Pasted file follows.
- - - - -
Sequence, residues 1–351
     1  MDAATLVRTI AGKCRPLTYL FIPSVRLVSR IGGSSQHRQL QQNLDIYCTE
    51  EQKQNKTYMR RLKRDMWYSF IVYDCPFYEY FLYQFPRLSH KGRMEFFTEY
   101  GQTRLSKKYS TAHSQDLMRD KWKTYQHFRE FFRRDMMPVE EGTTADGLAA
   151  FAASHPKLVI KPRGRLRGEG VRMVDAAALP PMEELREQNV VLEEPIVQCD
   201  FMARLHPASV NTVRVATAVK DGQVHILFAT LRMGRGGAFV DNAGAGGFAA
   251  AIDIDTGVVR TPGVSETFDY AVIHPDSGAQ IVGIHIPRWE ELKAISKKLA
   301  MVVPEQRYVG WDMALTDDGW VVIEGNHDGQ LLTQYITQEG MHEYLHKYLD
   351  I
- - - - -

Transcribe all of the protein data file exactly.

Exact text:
Sequence, residues 1–351
     1  MDAATLVRTI AGKCRPLTYL FIPSVRLVSR IGGSSQHRQL QQNLDIYCTE
    51  EQKQNKTYMR RLKRDMWYSF IVYDCPFYEY FLYQFPRLSH KGRMEFFTEY
   101  GQTRLSKKYS TAHSQDLMRD KWKTYQHFRE FFRRDMMPVE EGTTADGLAA
   151  FAASHPKLVI KPRGRLRGEG VRMVDAAALP PMEELREQNV VLEEPIVQCD
   201  FMARLHPASV NTVRVATAVK DGQVHILFAT LRMGRGGAFV DNAGAGGFAA
   251  AIDIDTGVVR TPGVSETFDY AVIHPDSGAQ IVGIHIPRWE ELKAISKKLA
   301  MVVPEQRYVG WDMALTDDGW VVIEGNHDGQ LLTQYITQEG MHEYLHKYLD
   351  I